The Number One Reason Your Home Isn’t Attracting Interest
When you Google: ‘What’s the number one reason my home isn’t selling?’, one answer quite rightly dominates the search rankings.
And that’s that your property has been put on the market for a price above the comparable odds.
AKA, it’s been overvalued by you or your estate agent.
A key indicator your home has been overvalued is that the interest level from prospective buyers is on a par with that of being invited to the annual Boring Conference. (This is an event that exists and celebrates the mundane!)
Also, people searching for homes in your area will have a budget.
And if your home doesn’t fall into their financial bracket, it won’t get noticed – mainly because of how property portals work.
But how do you know if the estate agent has overvalued your home?
Well, it’s simple, really.
Check/ask for comparable evidence of similar homes in your neighbourhood showing how much they recently (in the last three to six months) sold for.
Of course, some properties are unique and harder to value, but they are in the minority.
Think homes with huge gardens, massive refurbishments, castles, that kind of thing.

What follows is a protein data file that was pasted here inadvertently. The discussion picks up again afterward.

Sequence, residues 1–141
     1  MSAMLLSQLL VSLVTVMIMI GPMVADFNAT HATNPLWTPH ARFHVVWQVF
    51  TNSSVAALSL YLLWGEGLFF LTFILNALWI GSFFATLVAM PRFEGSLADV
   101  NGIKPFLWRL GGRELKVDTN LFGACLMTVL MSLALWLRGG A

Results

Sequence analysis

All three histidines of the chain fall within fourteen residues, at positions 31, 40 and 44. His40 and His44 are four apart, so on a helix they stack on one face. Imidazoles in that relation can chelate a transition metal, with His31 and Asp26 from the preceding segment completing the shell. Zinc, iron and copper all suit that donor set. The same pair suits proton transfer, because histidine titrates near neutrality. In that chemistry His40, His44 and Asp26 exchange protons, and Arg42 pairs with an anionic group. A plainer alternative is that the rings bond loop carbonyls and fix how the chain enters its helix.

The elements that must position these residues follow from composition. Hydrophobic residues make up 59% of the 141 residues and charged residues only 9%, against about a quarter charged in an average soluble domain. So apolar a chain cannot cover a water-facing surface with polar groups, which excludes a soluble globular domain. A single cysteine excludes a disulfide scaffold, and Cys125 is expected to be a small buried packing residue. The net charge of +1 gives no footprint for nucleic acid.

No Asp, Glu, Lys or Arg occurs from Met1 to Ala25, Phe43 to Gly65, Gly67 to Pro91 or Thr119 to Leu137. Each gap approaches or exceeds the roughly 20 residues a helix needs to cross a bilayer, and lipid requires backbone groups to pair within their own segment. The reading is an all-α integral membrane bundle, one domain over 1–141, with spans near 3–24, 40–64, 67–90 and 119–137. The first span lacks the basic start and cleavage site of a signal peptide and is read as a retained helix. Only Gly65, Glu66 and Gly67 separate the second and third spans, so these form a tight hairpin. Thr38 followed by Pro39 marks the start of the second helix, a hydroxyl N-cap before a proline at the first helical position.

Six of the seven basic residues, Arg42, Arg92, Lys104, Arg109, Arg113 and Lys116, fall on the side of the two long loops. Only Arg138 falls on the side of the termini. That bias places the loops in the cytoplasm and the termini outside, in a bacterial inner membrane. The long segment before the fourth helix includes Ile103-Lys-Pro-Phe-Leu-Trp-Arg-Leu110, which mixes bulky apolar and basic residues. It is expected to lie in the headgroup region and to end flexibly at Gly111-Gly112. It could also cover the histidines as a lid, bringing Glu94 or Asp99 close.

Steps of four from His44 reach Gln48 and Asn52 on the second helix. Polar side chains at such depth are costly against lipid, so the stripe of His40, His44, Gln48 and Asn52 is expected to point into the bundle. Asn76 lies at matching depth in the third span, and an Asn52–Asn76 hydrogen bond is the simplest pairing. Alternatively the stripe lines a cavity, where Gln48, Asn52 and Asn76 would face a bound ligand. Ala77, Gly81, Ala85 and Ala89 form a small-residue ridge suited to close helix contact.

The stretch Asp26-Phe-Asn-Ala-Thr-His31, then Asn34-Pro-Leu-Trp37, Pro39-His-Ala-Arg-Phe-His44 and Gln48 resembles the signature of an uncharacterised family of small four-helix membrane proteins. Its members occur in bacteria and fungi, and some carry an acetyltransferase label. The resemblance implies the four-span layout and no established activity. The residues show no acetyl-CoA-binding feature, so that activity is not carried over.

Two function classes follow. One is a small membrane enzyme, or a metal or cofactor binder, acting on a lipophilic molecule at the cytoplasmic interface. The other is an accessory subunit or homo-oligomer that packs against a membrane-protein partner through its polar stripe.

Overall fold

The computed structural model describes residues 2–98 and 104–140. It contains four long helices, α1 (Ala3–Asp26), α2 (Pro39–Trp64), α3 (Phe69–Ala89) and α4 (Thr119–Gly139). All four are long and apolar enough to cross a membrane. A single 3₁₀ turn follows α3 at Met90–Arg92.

Sadly, another reason why homes get overvalued is that some agents want to win your instruction by using the tactic of pricing it unrealistically high. Then, when it sticks on the market, they suggest a price reduction.
This tactic can often lead to you getting less than you would if it was priced accurately in the first instance.
And that’s because a property that’s been on the market for a while + a price reduction = even lower offers from prospective buyers.
The good news is that an accurately priced home with a well-thought-out marketing plan will sell for a realistic price in this busy market.
Thanks for reading, and if your home hasn’t sold and you’d like a fresh pair of expert eyes to have a look at it and advise accordingly, contact us today for a no-pressure chat.
PS: It’s worth noting if your home has come onto the market in July or August, there’s always a traditional lull in buyer activity during the summer holidays.